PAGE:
Can you imagine getting a dog – even a service dog – to go into the loud, dark tunnel of an MRI (magnetic resonance imaging) and lie there quietly, without moving, while the machine scans the dog’s brain? I never imagined it could be done or, more accurately, why someone would want to do that – unless, of course, it was to determine some brain malfunction.
But a professor at Emory University, Gregory Berns, MD, PhD, had a revelation. After years of studying how the human reward system works, he wondered how it worked in dogs. The concept dawned on him after one of his beloved dogs died.
Even after a partnership of 15 years, he realized he had never really known what his dog was thinking or feeling.
Like all of us with dogs, Professor Berns assumed he understood his dog’s emotional responses, but wondered if there wasn’t some way to prove them. Hence the birth of what he called the “Dog Project.” He would try to invent a means to map the brain’s pleasure center (caudate) while the dog responded to various cues, such as the presence of food or one of the animal’s human family. If he could figure this out, it would be the first time we could actually view how and what the dog was actually thinking from the dog’s perspective instead of the human’s.
Do dogs reciprocate our feelings for them? Do they truly love us or do they consider us mere food dispensers? These were the questions he posed. Perhaps MRI imaging could provide the proof he sought. But how to train a dog to voluntarily jump into an MRI and stay still, without any sedation or restraints, long enough to take images of the dog’s brain while various cues were given. Even for humans, the MRI feels claustrophobic and loud. Furthermore, one has to lie perfectly still during the imaging. Both aspects present a problem for dogs with their ultra-sensitive hearing and tendency to wiggle about.
By now, Dr. Berns had another dog, “Callie,” whom he describes as “a long, skinny thing with sticks for leg” and a head shaped like “an anvil.” His behavioral description of Callie is somewhat off-putting. This was a dog who “wasn’t cuddly” and “didn’t like to sit in laps.” She was, for all intents and purposes, a dog as different from his previous one as one could imagine. While his former dog loved to snuggle into his armpit, Callie “would assume a position at the foot of the bed” and no amount of cajoling could convince her to cuddle.
Yet slowly and steadily, Callie learns, by degrees (and lots and lots of hotdogs), to hop into the MRI, wear sound-blocking earmuffs, and lie perfectly still. Part of the charm of this book is Berns’ ability to explain step-by-step this training and its purpose – without sounding like a mad scientist nor someone going for the science prize in abstruse writing. He even brings in humorous anecdotes: so the dog could get used to it, he built an MRI simulator from Home Depot supplies which he installed at home under the apprehensive gaze of his wife who looked at this “monstrosity in her living room, a space formerly occupied by an elegant sofa set and coffee table.”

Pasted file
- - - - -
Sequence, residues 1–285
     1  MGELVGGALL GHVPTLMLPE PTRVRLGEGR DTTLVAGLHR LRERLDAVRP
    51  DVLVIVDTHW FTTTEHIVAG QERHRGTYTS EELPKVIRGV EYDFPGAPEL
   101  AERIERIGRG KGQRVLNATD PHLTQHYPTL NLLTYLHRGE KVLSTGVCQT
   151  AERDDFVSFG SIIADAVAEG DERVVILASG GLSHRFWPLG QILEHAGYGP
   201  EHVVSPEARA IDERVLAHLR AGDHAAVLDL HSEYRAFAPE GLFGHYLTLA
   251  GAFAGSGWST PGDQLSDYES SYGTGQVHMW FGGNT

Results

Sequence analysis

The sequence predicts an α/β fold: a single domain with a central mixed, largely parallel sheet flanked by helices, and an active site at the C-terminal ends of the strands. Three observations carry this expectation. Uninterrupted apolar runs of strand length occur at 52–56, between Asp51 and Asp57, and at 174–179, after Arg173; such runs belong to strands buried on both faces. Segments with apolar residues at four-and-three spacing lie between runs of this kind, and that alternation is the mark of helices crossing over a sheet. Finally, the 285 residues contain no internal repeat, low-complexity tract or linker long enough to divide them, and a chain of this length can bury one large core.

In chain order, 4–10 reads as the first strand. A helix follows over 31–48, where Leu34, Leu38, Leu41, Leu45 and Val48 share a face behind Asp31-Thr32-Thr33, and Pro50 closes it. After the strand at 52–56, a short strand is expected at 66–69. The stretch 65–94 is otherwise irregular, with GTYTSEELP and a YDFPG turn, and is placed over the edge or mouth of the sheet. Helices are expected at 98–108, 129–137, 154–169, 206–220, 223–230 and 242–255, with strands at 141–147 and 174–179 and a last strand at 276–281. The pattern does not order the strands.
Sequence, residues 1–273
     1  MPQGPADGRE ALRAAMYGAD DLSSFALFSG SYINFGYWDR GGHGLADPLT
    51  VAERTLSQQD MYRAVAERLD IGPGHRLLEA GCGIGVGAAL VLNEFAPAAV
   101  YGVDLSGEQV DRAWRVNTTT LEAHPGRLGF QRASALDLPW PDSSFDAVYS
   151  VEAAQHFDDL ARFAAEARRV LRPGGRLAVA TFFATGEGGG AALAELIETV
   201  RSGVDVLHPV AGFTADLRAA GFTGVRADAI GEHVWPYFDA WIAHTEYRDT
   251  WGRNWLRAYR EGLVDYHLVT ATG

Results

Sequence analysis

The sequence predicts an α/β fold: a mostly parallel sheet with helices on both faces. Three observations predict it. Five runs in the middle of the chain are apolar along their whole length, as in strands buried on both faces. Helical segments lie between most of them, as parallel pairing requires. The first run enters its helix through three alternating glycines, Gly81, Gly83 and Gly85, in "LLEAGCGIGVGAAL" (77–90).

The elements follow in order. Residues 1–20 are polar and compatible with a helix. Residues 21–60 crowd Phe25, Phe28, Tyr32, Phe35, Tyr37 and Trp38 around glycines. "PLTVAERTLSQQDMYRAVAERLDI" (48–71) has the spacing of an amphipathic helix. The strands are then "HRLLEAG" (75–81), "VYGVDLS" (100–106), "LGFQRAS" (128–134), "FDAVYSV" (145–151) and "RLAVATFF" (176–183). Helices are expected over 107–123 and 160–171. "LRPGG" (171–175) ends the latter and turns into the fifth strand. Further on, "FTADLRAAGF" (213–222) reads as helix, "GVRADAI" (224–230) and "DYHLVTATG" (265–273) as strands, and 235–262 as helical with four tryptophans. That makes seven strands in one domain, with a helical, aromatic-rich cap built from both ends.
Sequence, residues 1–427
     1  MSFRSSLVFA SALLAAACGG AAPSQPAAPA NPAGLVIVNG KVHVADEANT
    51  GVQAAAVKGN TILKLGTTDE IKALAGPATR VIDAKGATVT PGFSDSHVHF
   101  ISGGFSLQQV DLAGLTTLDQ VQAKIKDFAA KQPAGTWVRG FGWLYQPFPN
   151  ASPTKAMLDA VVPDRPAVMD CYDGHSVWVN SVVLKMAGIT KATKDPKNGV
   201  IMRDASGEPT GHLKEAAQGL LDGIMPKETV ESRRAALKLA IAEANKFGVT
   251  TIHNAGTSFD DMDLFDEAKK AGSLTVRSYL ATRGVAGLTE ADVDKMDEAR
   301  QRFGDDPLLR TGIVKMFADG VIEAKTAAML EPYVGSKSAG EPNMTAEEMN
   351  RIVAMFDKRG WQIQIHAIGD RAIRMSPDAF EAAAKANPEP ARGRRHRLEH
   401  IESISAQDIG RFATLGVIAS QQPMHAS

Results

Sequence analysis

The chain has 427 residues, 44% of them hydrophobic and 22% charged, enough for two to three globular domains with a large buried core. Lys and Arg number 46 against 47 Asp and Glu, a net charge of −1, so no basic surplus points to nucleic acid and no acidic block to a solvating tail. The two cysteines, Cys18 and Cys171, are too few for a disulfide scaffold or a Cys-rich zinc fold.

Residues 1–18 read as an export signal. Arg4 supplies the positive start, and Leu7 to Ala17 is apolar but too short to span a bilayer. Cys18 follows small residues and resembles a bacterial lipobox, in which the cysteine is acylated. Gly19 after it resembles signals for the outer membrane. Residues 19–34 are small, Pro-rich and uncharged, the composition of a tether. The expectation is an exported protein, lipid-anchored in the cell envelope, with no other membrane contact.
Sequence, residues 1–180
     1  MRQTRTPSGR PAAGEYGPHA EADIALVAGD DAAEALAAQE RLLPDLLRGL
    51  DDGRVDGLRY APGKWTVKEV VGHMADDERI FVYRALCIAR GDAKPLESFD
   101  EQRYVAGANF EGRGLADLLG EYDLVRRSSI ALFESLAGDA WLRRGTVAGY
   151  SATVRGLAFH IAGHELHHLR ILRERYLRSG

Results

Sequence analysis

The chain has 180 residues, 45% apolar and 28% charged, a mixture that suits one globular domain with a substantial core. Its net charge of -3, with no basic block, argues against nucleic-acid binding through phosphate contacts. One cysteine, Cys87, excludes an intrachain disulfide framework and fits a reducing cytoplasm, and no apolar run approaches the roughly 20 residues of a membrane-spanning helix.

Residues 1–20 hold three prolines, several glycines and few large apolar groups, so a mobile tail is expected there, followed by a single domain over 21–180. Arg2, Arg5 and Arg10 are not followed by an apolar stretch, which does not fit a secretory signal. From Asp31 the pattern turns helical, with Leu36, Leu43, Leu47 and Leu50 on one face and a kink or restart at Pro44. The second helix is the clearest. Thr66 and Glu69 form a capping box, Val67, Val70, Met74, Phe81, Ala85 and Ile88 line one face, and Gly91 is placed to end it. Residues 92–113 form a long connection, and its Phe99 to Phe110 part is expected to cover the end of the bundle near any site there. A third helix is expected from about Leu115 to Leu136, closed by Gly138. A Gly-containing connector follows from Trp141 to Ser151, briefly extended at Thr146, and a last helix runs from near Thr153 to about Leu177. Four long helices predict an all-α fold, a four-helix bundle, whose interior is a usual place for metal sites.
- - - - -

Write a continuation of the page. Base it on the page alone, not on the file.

With all the training this extraordinary task necessitated, slowly but surely, his own relationship with Callie changes into one of mutual attachment. Eventually, Callie curls up in bed and cuddles with the doctor.
But, back to the experiment: An MRI lines up protons in the brain so that when hit by radio waves, they can be captured as an image. Dr. Berns saw that the caudate (the part of the brain in both dogs and humans that is the center of the reward system) “lights up” when the dog was given a hand signal indicating a reward was forthcoming (a piece of hot dog), but stayed “dormant” when a second hand signal indicated that no reward was in the offing.
The MRI scans also showed that the caudate lights up when the dog sniffed the odor of someone in his/her human family but not when sniffing the odor of a stranger. This appears to confirm that the presence of a familiar person ignited feelings of “reward.” This may not, perhaps, be proof of love as we know it, but it is certainly evidence of a very real connection.
From these experiments, Dr. Berns penned the book: How Dogs Love Us. A major portion of the book explains how Dr. Berns taught the dog to go into the MRI machine (remember – the dog does this voluntarily!) and in describing the process, the reader will learn much about brain imaging but also the scientific process as well as some of the political and social difficulties that surround and, too often, impede it. It’s a fascinating window into the world of the scientific experiment, from a real-world perspective. Berns accomplishes this with explanations that are both interesting and readily understandable to the nonscientist.
But there is another part of the book readers will love and relate to even more: the story of his relationship with Callie. In Dr. Berns’ quest to demonstrate how dogs think, his description of Callie and the mutually deepening bond that develops throughout the training process, Callie, his 19-pound, indifferent dog, wary of close contact, in the end, chooses to snuggle and cuddle.
One word of warning. Berns doesn’t write only about Callie. The man is a true dog-lover and he writes of other dogs. Whenever we tell the life story of any loved dogs, there are deaths and it always hurts. Knowing their shorter trajectory in life is one of the hardest facets of having a dog. Yet, who among us would trade in their dog because of that?
Finally, while not intentional in this scientist’s effort to map a dog’s brain, the book yields another aspect to which every dog lover can relate: It is not just Callie’s response to cues that enamor and enlighten us, but what happens to Dr. Berns as his bond with this dog develops. It is not just how dogs love us, but how we love dogs.
Ah. . . but we knew that already.